WASHINGTON (Reuters) – The US Senate on Saturday passed a $1.1 trillion spending bill that lifts the threat of a government shutdown as Congress attempts to wrap up a two-year legislative session marked by bitter partisanship and few major accomplishments.
The Senate’s 56-40 vote sends the measure to President Barack Obama, who is expected to sign it into law before federal spending authority expires at midnight on Wednesday.
Passage of the 1,603-page bill was a long, tough struggle in the Senate and the House of Representatives marked by bitter disputes over changes to banking regulations and Obama’s recent executive order on immigration.
Liberal Democrats, led by Senator Elizabeth Warren, objected to a weakening of the Dodd-Frank financial reform law, while conservative Republicans, led by Tea Party firebrand Ted Cruz, tried to sink it for failing to stop Obama’s order.
Cruz’s tactics to delay the bill created an opening for Democrats in a rare Saturday session to push through dozens of Obama’s nominations opposed by Republicans, from judges to energy regulators. His party colleagues were angered.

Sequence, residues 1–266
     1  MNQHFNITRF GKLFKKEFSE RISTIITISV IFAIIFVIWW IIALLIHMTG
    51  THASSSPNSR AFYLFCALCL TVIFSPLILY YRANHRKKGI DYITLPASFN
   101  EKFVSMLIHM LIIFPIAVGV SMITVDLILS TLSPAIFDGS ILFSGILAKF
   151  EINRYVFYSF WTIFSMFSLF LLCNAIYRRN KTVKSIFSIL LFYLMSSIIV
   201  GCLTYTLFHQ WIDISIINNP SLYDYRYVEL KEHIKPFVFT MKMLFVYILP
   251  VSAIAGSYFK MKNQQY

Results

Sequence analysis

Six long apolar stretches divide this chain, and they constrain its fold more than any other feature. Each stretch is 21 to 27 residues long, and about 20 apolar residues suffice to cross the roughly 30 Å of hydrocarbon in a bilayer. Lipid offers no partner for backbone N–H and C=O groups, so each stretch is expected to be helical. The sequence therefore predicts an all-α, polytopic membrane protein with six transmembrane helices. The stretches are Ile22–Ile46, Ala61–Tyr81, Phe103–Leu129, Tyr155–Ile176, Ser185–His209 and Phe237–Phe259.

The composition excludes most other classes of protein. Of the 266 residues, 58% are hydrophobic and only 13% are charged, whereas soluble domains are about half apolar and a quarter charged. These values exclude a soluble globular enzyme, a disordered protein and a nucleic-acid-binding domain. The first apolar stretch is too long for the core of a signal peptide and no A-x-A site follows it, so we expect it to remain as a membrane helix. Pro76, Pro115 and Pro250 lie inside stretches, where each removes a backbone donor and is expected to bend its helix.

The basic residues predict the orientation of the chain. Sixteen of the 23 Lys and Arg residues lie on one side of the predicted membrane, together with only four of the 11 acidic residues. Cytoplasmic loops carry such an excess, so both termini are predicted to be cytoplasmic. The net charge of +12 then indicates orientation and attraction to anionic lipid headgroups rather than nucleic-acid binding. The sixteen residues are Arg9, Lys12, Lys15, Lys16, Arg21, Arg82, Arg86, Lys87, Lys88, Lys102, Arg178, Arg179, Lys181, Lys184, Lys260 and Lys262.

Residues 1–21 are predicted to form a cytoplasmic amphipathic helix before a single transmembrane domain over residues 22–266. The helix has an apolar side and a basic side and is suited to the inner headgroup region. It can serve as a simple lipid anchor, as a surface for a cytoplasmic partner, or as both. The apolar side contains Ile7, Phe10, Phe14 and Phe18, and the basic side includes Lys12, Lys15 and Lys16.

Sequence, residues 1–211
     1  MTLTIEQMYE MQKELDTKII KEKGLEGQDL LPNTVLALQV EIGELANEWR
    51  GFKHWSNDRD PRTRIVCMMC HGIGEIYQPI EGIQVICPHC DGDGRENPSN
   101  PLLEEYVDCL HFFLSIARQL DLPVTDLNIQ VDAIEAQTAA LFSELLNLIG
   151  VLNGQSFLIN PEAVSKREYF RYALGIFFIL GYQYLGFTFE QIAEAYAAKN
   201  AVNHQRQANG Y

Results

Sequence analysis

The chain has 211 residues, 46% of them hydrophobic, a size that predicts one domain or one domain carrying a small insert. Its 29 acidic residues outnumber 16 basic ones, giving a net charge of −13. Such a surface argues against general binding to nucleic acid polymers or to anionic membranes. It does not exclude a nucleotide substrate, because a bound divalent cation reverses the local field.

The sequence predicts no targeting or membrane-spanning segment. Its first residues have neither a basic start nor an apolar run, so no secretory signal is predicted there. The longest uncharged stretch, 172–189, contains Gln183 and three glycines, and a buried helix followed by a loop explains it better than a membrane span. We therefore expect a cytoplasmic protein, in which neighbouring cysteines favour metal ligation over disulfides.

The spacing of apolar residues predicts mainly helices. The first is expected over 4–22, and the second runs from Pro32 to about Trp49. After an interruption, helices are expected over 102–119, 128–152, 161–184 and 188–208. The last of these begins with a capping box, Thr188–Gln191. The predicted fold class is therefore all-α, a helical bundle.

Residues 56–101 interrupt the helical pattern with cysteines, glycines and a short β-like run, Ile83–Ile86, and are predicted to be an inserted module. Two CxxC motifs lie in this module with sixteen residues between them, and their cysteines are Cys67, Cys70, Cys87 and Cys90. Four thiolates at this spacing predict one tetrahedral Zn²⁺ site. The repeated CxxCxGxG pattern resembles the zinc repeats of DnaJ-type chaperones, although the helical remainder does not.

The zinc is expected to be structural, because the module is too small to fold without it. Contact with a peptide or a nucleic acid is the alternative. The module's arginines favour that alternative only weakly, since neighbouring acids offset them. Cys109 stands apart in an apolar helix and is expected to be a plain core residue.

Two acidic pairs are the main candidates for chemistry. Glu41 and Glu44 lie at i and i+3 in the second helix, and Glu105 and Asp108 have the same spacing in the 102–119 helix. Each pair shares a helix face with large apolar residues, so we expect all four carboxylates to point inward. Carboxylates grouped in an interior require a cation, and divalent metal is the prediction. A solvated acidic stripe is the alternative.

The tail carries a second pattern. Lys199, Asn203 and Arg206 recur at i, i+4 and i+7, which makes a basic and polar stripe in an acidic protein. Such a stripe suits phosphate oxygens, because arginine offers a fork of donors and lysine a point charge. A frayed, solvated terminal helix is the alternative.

“I think most Republicans feel like that Christmas came early for Democrats,” said Republican Senator Lindsey Graham. “At the end of the day, they got nominees we previously successfully blocked and we got nothing.”
The legislation funds most government agencies through September 2015. The Department of Homeland Security will be treated differently, getting a funding extension only through Feb. 27, by which time Republicans will control both chambers of Congress.